Human rights lawyers issue directive to schools about undocumented children
An Edenvale school governing body threatened to take immigrant pupils to the police — laywers declare ‘children are always entitled to their rights’
Human rights lawyers are urging the Department of Basic Education to issue a directive instructing all schools to immediately stop the practice of discriminating against foreign and undocumented children by refusing access and charging higher fees. The directive should also indicate that schools have a responsibility to help children obtain documents‚ Lawyers for Human Rights‚ the Centre for Child Law and Equal Education Law Centre said in a joint statement.
This comes after an Edenvale‚ Ekurhuleni‚ school governing body issued a letter last week that threatened to take immigrant pupils without valid paperwork to the police. Following outrage on social media‚ the governing body called the letter "unfortunate" and said it "unreservedly" apologised for any hurt the letter may have caused.
The human rights lawyers said that although the school has retracted the letter‚ "unfortunately the Eastleigh school incident is not an isolated event".
"At the beginning of each school year‚ and particularly in 2017‚ we receive reports of children being denied admission to school. These include not only undocumented migrant children‚ but also documented refugee and asylum-seeker children and undocumented South African children. Whatever their status or level of documentation‚ children are always entitled to their rights."
They spelt out the rights of children in this situation:
• Children are never to be detained for immigration purposes. This is an absolute right.
• All children in SA are equally entitled to education regardless of their status or documentation. The Schools Act prohibits discrimination of any form when it comes to admission to school.
• South African courts have found that the right to study is inherent in the right to dignity and that this right cannot be bound to one’s nationality. No child may be discriminated against based on their own status or that of their parents. The Constitution protects the right to education‚ the right to equality‚ and the right to dignity of all people in SA. This includes those without documents or citizenship. This is particularly true when it comes to children.
• The Constitution states that the best interest of the child is of paramount importance when dealing with children. The National Education Policy requires schools to assist the child in obtaining documentation where there is none. The burden to comply with documentation requirements is shared between parents and the school. Where the child is part of a child-headed household, or an unaccompanied child, this burden is shared by the school and the Department of Social Development. These responsibilities are in place to ensure that nothing prevents a child from going to school. A school cannot merely reject a child for having no papers.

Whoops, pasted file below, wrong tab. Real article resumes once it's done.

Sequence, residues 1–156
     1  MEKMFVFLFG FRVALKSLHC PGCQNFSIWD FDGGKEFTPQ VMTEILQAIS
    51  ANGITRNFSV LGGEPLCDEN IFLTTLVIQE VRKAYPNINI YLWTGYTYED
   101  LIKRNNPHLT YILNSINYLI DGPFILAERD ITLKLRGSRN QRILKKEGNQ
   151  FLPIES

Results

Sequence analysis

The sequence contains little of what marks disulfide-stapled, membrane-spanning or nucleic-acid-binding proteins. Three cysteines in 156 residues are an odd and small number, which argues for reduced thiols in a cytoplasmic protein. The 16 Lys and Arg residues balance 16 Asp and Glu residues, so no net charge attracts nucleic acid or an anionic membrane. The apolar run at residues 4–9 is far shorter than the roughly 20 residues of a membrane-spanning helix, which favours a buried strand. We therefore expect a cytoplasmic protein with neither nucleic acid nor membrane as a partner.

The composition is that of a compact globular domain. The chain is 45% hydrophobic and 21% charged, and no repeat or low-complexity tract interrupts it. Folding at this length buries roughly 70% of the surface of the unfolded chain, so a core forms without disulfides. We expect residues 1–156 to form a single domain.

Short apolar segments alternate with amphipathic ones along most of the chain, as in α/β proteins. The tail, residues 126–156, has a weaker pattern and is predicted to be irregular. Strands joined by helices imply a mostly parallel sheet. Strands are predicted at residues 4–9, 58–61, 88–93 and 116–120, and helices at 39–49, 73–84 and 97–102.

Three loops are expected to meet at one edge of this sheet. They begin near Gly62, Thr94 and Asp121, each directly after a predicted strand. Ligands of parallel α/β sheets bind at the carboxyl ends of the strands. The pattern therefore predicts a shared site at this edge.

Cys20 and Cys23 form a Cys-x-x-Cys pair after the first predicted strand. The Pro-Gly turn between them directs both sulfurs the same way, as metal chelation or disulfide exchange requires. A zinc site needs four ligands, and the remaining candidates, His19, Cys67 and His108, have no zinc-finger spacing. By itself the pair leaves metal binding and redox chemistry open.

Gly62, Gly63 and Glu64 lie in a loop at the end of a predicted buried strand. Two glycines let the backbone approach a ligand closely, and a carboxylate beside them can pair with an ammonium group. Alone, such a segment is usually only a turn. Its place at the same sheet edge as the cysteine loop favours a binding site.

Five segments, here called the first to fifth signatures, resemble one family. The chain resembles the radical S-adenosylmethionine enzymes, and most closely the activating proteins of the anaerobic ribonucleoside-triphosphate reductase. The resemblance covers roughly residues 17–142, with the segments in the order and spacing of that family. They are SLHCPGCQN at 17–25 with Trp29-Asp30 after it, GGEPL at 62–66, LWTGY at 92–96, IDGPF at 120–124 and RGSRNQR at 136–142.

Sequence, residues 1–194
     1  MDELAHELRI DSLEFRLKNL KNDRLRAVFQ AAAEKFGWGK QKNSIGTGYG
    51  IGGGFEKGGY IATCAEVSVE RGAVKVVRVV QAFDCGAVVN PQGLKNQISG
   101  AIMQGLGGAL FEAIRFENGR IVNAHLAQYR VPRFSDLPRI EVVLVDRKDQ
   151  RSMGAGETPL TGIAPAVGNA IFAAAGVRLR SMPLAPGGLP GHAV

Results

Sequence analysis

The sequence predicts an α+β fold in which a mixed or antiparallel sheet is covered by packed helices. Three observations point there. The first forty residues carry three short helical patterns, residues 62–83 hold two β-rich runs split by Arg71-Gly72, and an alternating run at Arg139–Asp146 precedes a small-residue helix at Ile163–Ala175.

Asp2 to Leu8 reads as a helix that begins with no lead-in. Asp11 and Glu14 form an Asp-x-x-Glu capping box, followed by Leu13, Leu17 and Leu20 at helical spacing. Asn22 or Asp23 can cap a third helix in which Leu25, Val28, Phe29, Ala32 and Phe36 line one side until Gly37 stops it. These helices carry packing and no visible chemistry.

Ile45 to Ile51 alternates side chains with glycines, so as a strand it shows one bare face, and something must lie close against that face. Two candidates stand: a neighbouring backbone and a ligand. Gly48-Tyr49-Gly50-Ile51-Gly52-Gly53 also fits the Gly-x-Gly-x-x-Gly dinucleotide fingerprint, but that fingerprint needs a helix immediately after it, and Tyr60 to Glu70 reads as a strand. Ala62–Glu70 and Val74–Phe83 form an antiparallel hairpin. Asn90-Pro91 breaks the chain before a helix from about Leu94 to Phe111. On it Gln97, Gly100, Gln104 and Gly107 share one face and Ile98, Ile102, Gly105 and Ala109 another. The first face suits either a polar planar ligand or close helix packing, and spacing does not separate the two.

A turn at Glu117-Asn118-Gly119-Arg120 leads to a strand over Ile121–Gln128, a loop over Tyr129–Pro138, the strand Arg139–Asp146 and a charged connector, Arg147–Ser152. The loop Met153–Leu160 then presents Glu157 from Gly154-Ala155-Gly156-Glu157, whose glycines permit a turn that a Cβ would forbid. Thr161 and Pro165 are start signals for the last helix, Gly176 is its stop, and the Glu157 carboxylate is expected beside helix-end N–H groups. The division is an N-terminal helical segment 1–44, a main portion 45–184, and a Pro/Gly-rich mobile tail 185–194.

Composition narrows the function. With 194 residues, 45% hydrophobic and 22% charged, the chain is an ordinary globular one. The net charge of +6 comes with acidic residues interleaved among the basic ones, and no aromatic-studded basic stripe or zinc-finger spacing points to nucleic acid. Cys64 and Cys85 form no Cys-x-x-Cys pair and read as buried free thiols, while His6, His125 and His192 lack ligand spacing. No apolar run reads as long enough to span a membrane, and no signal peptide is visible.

The lawyers commented: "It is important to take into account the various factors which lead to children being left undocumented and to consider that these factors are always out of the child’s control. Refugee and asylum-seeker children are entitled, in terms of the Refugees Act, to obtain the same permit as their parent. Yet they often have trouble obtaining or renewing their permits‚ because of widely reported and widespread corruption the Refugee Reception Offices."
The lawyers said they have also encountered unlawful refusals of admissions for children without birth certificates. This was despite the fact that some children cannot obtain birth certificates‚ because the Births and Deaths Registrations Act makes it impossible for certificates to be obtained by children of single fathers where the mother is missing or undocumented‚ children in child-headed households and children in the care of guardians where the parents are alive, as well as children of undocumented parents.
"It is of great concern that the Department of Home Affairs visited Eastleigh in the week prior to the school sending its letter‚ and appears to have exerted pressure with regard to undocumented learners," the lawyers said. "It is simply not constitutionally permissible for the department to take this approach."
"While immigration control may be a legitimate government concern and function‚ it should never be addressed through the violation of children’s rights. No reason whatsoever‚ including irregular migration‚ can ever justify harming children through unlawful arrest or the denial of education."
The lawyers requested that the department issue a directive to all schools clarifying the correct legal principles: "These include that refugee and asylum-seeker children are entitled to be admitted to school, even while awaiting documentation, and do not need study permits to attend school; that school principals will not be arrested or fined for admitting undocumented children, as is the rumour; and that undocumented children are allowed to attend school in SA."
It also urged the department to amend laws to eliminate unconstitutional exclusions from birth registrations where children were born in SA or to South African parents and "to stop the discriminating practice of requiring expensive DNA tests for people faced with poverty before birth registration will take place".
The Department of Social Development was also asked to intervene in cases where children are in need of care and protection and where parents are unresponsive, in order to assist with the process of obtaining documentation for children.